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Preschool Prep 101: Making Informed Choices for Your Child’s Future

Going to preschool can be a major change; some kids are thrilled and others might need a little help adapting to the new schedule. One of the best things you can do for your child is to start preparing them as soon as possible. 

Don’t worry: There’s no perfect way to begin the transition. However, keeping a few helpful tips in mind, such as the ones below, can start the preparation process so it may seem more like an exciting adventure for them (and you!).

Here are seven tips for preparing your child for preschool:

Increase Same-Age Socialization

By the time children get to preschool age (three or four years old), they usually get a good amount of socialization, but it’s not always with other kids. Depending on the situation, it may be with adult family members, parent’s friends, and older kids, such as siblings or cousins. 

Consider scheduling time for your little one around other children their own age before they start preschool. For instance, take them to programs at the library or enroll them in local art classes. It is also a great opportunity for the whole family to make new friends. 

Practice the New Schedule

If possible, start getting your child ready for the new schedule as soon as you enroll them. Some preschools have all-day programs consisting of nap, snack, and meal times, while others are only a few hours each day. Adjusting their schedule now gets the little one used to the structured routine, so the transition is not so difficult once they start. 

Ask the preschool for a daily itinerary and see if it’s similar to yours. If there are notable differences, you may want to adapt your kid’s bedtime, nap, or snack schedule. 

Get a Head Start on the Curriculum

Curriculums vary between preschools, but typically, children learn basics like letters, numbers, shapes, colors, and reading readiness. Chances are you might go over these topics at home, but consider kicking the lessons up a notch, and make sure to focus on the fun. Educational burnout or stress are the last things any family wants! 

Focus on getting them excited about learning instead. Games, repetition, educational videos, and books can significantly help. Check out your local library, which typically has a variety of free and low-cost relevant materials.

Work on Potty Training

Potty training can be exciting, stressful, and frustrating for parents. If only it were possible to go from diapers to potty training at the snap of your fingers! However, that is often not the case, and that’s okay. A lot of patience and reassurance can go a long way. 

Many parents begin potty training their kids when they reach 18 months old, but some children might not be ready just yet. You have probably already started potty training your child, but if not, it can be a good idea to have a talk about it with your family pediatrician long before registering for preschool. Additionally, review the potty training policies at the preschool you want your child to attend.

Visit the Preschool Together

If possible, set up a tour (in person or virtual) for your child to walk through the preschool and see what it is like. Let them know you are about to go on an adventure to explore an exciting new place together. Depending on the school’s policies and availability, the visit may even be able to take place during preschool hours, so your little one can meet the teachers and other kids.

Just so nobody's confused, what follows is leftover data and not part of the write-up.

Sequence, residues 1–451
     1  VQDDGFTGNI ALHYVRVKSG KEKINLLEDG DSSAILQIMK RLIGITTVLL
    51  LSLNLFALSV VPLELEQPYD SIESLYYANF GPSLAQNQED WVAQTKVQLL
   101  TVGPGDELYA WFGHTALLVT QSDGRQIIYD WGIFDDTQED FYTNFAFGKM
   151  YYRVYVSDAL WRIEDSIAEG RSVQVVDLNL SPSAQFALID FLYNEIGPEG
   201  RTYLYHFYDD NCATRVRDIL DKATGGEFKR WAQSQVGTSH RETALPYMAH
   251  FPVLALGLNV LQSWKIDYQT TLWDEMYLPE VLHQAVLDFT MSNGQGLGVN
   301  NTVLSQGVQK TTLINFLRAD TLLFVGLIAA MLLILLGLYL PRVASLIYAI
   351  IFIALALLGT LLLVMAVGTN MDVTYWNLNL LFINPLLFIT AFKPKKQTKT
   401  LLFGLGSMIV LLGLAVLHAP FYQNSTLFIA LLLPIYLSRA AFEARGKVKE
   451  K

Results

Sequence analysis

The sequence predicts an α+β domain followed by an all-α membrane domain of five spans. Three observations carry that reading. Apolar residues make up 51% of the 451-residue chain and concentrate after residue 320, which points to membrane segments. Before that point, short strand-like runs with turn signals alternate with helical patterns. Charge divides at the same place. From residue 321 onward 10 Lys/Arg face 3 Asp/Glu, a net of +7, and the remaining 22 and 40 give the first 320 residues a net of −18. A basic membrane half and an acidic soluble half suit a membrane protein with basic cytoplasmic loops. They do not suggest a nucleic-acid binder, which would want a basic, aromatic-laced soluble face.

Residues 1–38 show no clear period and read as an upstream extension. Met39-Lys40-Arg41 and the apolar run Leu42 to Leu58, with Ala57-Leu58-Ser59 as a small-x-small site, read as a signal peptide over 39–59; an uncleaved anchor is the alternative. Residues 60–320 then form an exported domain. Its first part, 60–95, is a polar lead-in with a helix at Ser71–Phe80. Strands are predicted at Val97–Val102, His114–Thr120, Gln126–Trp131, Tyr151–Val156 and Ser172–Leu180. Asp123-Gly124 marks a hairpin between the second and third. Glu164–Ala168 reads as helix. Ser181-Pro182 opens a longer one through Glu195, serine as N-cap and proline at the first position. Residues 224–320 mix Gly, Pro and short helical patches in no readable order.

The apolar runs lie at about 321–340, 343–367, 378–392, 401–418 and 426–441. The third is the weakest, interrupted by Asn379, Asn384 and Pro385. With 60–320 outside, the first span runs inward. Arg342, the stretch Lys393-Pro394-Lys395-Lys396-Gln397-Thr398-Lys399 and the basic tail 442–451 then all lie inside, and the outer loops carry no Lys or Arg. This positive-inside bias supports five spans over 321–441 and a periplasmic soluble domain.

Talk to Them About What To Expect

One of the best tips for preparing your child for preschool is to communicate about what to expect. Talk to them about the school, making new friends, and what they’ll learn in class. Emphasize that while you won’t be there, they’ll have a great time, and you will be excited to hear all about their day afterward. 

Have this conversation repeatedly leading up to their first day. Repetition can be a major part of their development, and it’s a wonderful way for you to hear them out about their thoughts and feelings. 

Ask them open-ended questions about going to preschool. Doing so is helping them prepare for the next chapter of their life. It is also contributing in a positive way to their development, including critical thinking and communication skills.

Introduce the Pick-Up Person Early On

If your child will be picked up from preschool by a person they don’t know very well (like a babysitter or carpool parent) have them spend more time together before school starts. This is particularly important if your child is shy.

Your child is going through a schedule change, and having someone they are familiar with who they like can be one less adjustment. Whether it’s a new nanny or babysitter, a friend, or a family member, start hanging out together in small increments. 

If the pick-up person is part of your neighborhood carpool, schedule playdates with their children. Try going to the park, going out to eat, or just spending time together at home. It can also allow you to see how the two interact. 

Preschool Prep: Final Thoughts and Summary

The longer you have to work with between prepping your child for preschool and when they start, the better. It can help both of you to take things slow and get used to the idea, simplifying the process. Preparing for preschool is wise whether going part-time or full-time. 

It can be an exciting experience! The more you make it sound like a positive adventure, the more your child will likely start to feel the same way.

Author Bio

Sandra Chiu works as Director at LadyBug & Friends Daycare and Preschool.

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